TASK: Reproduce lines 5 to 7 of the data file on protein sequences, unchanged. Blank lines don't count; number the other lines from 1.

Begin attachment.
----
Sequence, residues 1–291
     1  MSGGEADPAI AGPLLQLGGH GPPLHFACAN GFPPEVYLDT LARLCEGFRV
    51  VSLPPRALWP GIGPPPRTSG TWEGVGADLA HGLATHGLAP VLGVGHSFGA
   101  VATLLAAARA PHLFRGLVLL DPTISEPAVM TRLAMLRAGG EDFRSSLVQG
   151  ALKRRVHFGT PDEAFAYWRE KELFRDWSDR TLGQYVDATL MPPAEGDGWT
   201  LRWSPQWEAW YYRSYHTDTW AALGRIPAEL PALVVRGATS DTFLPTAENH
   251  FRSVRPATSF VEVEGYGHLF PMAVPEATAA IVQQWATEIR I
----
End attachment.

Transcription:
   151  ALKRRVHFGT PDEAFAYWRE KELFRDWSDR TLGQYVDATL MPPAEGDGWT
   201  LRWSPQWEAW YYRSYHTDTW AALGRIPAEL PALVVRGATS DTFLPTAENH
   251  FRSVRPATSF VEVEGYGHLF PMAVPEATAA IVQQWATEIR I